BSE inks deal with ISE to launch derivative products

BSE will seek approval from the Securities and Exchange Board of India to launch derivative products for Indian investors based on innovative ISE indices, as part of BSE's Futures and Options product basket

Mumbai: The Bombay Stock Exchange (BSE) on Tuesday said it has signed a licensing agreement with the US-based International Securities Exchange (ISE) to launch derivative products in India, reports PTI.

The agreement is part of the ongoing market development efforts between BSE and the Deutsche Borse Group, which includes Eurex and ISE, the BSE said in a statement.

ISE is a wholly-owned subsidiary of global derivatives exchange Eurex. Under the agreement, the BSE will seek approval from the Securities and Exchange Board of India (SEBI) to launch derivative products for Indian investors based on innovative ISE indices, as part of BSE's Futures and Options product basket.

"We are glad to have signed this agreement with the International Securities Exchange which is part of our long-term strategic initiative to offer world class investment products to investors in India," BSE managing director and chief executive officer Madhu Kannan said.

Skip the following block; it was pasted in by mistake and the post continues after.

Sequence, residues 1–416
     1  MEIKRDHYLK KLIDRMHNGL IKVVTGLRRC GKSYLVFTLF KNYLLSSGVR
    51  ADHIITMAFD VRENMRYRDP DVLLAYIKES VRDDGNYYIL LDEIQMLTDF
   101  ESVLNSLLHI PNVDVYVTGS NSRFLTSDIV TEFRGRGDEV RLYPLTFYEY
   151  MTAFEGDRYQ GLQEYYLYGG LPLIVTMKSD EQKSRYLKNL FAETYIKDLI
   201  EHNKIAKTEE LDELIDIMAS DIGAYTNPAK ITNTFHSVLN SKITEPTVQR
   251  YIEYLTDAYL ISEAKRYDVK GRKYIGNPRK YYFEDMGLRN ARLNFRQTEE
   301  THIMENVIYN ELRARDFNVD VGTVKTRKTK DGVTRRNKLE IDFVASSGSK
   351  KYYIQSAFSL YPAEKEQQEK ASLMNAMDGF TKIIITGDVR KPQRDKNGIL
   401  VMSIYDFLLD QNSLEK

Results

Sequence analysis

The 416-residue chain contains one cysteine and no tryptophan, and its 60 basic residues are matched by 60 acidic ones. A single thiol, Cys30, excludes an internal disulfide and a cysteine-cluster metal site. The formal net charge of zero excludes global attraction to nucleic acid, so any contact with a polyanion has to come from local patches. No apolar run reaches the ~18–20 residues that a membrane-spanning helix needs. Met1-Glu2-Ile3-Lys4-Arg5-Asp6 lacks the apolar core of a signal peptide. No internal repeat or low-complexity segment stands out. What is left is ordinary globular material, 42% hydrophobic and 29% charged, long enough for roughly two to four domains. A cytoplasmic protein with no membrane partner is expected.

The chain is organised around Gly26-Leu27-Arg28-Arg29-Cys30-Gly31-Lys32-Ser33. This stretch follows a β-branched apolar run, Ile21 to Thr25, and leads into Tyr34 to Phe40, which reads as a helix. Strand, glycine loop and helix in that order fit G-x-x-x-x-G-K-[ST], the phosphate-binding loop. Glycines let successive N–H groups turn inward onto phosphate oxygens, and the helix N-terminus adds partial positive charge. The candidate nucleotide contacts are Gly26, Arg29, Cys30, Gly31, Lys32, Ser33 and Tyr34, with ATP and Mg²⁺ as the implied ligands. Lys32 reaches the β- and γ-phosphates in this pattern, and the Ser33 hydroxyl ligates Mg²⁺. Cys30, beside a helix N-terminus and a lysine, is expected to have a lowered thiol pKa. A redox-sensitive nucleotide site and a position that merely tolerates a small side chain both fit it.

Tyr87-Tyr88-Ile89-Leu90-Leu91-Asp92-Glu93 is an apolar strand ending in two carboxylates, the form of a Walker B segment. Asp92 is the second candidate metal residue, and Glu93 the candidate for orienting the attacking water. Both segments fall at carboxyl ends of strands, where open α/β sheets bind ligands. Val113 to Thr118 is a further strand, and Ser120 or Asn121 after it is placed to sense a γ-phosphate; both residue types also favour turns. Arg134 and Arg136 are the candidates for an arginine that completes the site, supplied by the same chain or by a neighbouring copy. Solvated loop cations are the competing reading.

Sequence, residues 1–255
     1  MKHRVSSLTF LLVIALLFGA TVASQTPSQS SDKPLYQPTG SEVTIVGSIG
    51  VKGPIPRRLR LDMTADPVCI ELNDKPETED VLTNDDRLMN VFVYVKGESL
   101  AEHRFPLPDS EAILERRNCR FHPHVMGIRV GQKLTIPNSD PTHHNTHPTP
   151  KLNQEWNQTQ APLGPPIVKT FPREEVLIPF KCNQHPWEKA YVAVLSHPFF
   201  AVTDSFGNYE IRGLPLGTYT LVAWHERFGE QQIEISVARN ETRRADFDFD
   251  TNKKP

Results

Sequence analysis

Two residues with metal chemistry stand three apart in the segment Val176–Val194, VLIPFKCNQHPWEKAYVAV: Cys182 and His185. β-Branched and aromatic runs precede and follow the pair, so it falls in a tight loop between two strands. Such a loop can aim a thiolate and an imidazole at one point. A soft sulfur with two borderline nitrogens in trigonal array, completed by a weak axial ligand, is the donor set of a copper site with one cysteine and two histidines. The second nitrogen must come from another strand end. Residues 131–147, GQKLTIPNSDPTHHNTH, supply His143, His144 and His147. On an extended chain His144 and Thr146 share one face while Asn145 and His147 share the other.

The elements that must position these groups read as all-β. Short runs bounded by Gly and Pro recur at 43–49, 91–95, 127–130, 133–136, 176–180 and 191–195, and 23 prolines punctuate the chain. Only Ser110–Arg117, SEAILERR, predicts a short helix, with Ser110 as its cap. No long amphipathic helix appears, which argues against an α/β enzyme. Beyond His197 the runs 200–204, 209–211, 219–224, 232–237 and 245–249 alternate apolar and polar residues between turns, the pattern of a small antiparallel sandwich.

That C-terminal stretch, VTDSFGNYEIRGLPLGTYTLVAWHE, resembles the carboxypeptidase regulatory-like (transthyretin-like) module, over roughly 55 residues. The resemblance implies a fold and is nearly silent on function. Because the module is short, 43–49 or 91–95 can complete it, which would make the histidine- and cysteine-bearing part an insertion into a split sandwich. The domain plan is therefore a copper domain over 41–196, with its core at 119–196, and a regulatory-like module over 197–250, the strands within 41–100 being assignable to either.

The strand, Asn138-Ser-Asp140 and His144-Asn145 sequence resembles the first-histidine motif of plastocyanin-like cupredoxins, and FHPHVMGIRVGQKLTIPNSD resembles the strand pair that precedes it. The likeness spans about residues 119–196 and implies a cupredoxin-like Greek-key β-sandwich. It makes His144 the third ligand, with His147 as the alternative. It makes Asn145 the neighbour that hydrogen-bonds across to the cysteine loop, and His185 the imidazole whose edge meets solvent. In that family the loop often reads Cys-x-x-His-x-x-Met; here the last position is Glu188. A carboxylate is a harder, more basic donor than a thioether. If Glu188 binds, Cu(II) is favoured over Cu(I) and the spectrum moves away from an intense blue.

The BSE has a broad shareholder base that includes two leading global exchanges, Deutsche Bourse and Singapore Exchange as strategic partners, while ISE operates a leading US options exchange and offers options trading on over 2,000 underlying equities, exchange traded funds (ETFs), index, and foreign exchange (FX) products.

"ISE's indexes provide investors with equity-based exposure to highly topical investment themes, including emerging markets, widely-traded commodities and water," ISE head of New Product Development Kris Monaco said.

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CBI questions Kalmadi in Commonwealth Games scam

Members of the CWG Organising Committee have been made accused in four cases related to alleged irregularities in awarding contracts of QBR, overlays and time keeping but so far Mr Kalmadi has not been named accused in the eight FIRs filed by the agency

New Delhi: Suspended Commonwealth Games Organising Committee chairman Suresh Kalmadi was today questioned by the Central Bureau of Investigation (CBI) for the second time in connection with alleged scams related to the conduct of the sporting extravaganza, reports PTI.

Mr Kalmadi was earlier questioned by the CBI at his residence here in January when teams of agency officials searched his residential and official premises in Delhi, Mumbai and Pune. His bank lockers were also searched at that time.

Three of his close aides including former OC secretary general Lalit Bhanot, former OC director general V K Verma and his personal assistant Shekhar Deorukhkar are already behind bars in connection with alleged irregularities during the Games.

The CBI has so far registered eight cases of which three are related to restoration work of two sporting venues, two are related to Queen's Baton relay (QBR), while one each is related to overlays, contract given to Swiss Time Keeping, and contract given to SIS live for the coverage of the Games.